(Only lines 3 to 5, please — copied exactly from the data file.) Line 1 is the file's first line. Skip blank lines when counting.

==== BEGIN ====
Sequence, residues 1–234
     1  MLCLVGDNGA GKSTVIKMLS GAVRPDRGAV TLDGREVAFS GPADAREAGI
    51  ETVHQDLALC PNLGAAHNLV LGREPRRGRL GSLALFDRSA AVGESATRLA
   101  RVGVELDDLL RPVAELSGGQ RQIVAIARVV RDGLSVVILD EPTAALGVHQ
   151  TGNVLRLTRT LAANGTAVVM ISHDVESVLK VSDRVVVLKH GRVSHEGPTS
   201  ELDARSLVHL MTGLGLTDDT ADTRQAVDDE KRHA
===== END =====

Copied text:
    51  ETVHQDLALC PNLGAAHNLV LGREPRRGRL GSLALFDRSA AVGESATRLA
   101  RVGVELDDLL RPVAELSGGQ RQIVAIARVV RDGLSVVILD EPTAALGVHQ
   151  TGNVLRLTRT LAANGTAVVM ISHDVESVLK VSDRVVVLKH GRVSHEGPTS